Money and Medicine The proposedchange would save the state an estimated $300 million a year, whilesaving employees and their families $66 million a year. (Photo:Shutterstock)

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The state of North Carolina is telling hospitals to get readyfor a pay cut.

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State Treasurer Dale Folwell, who manages the 727,000-memberstate employee health plan, has announced that the state no longerwants to engage in secret negotiations with individual hospitalsover reimbursement rates.

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Instead, the state wants to peg reimbursement rates toMedicare's rates. Folwell has proposed paying 177 percent of whatMedicare pays for hospital services. Currently, the state pays anaverage of 213 percent.

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Related: California rolls out proposal to set health carereimbursement rates

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The proposed change would save the state an estimated $300million a year, while saving employees and their families $66million a year.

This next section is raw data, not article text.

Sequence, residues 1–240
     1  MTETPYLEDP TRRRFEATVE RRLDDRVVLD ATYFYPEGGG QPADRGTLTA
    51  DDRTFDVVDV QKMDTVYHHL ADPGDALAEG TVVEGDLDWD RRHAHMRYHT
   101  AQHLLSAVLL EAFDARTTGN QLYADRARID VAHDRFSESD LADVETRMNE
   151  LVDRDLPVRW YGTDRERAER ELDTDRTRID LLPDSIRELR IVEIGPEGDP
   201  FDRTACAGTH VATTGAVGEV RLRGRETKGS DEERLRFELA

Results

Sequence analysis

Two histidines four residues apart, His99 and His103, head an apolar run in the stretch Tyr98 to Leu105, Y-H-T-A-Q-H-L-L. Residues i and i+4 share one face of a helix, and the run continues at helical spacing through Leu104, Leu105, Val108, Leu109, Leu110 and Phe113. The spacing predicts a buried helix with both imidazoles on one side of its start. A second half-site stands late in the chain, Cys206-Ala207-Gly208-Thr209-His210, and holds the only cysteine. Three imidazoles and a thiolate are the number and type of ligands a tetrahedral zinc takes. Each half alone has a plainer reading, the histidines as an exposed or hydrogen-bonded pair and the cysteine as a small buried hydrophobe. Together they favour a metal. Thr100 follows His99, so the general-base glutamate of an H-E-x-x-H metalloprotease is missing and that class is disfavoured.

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“We're trying to fix something that's unsustainable,” Folwelltells the Wall Street Journal. In addition to saving thestate big bucks, Folwell says the proposal as promoting greaterprice transparency. Under the current system, he says, “Thecustomer has no idea what the payer is paying.”

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Hospitals are predictably furious, claiming that the rate cutscould devastate providers that are already operating on razor-thinmargins.

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“This is, you know, an approach to just reduce rates, versus anapproach to improve people's health, improve the health ofcommunities,” Steve Lawler, president of the North CarolinaHealthcare Association, tells North Carolina Health News. “So it's asimplistic approach to a complex problem that doesn't really get atthe heart of the issue.”

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The problem is, there's nothing to force the hospitals to acceptthe rates offered by the state. So far, the Folwell has said thatif they refuse, they'll simply be cut out of the health plannetwork.

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Even if only a small number of hospitals refuse the state'sdeal, their exclusion from the state's network could cause majorproblems if there aren't other in-network hospitals in a certainarea, notably in rural parts of the state where there are not a lotof providers to choose from.

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